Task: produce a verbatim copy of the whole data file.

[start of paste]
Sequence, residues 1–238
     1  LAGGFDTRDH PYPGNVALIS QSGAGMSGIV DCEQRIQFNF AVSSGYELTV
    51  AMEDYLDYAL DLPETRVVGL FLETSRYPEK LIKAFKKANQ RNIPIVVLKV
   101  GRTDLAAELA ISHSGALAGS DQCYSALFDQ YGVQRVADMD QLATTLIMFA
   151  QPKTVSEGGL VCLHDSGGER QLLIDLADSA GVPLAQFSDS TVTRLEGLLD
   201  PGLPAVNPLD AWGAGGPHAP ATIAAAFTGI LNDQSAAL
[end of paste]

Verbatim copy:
Sequence, residues 1–238
     1  LAGGFDTRDH PYPGNVALIS QSGAGMSGIV DCEQRIQFNF AVSSGYELTV
    51  AMEDYLDYAL DLPETRVVGL FLETSRYPEK LIKAFKKANQ RNIPIVVLKV
   101  GRTDLAAELA ISHSGALAGS DQCYSALFDQ YGVQRVADMD QLATTLIMFA
   151  QPKTVSEGGL VCLHDSGGER QLLIDLADSA GVPLAQFSDS TVTRLEGLLD
   201  PGLPAVNPLD AWGAGGPHAP ATIAAAFTGI LNDQSAAL